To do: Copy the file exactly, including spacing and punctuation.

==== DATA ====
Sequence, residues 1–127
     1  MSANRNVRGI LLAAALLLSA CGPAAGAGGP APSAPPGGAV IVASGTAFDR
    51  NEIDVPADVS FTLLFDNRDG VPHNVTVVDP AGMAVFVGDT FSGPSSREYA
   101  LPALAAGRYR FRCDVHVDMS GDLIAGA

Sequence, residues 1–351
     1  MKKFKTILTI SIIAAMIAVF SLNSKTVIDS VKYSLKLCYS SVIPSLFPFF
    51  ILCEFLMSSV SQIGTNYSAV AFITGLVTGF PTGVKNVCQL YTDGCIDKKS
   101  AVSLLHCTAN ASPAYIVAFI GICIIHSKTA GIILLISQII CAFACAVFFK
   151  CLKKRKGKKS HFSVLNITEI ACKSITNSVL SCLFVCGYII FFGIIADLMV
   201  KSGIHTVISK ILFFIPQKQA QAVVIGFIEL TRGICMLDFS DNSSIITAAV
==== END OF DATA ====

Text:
Sequence, residues 1–127
     1  MSANRNVRGI LLAAALLLSA CGPAAGAGGP APSAPPGGAV IVASGTAFDR
    51  NEIDVPADVS FTLLFDNRDG VPHNVTVVDP AGMAVFVGDT FSGPSSREYA
   101  LPALAAGRYR FRCDVHVDMS GDLIAGA

Sequence, residues 1–351
     1  MKKFKTILTI SIIAAMIAVF SLNSKTVIDS VKYSLKLCYS SVIPSLFPFF
    51  ILCEFLMSSV SQIGTNYSAV AFITGLVTGF PTGVKNVCQL YTDGCIDKKS
   101  AVSLLHCTAN ASPAYIVAFI GICIIHSKTA GIILLISQII CAFACAVFFK
   151  CLKKRKGKKS HFSVLNITEI ACKSITNSVL SCLFVCGYII FFGIIADLMV
   201  KSGIHTVISK ILFFIPQKQA QAVVIGFIEL TRGICMLDFS DNSSIITAAV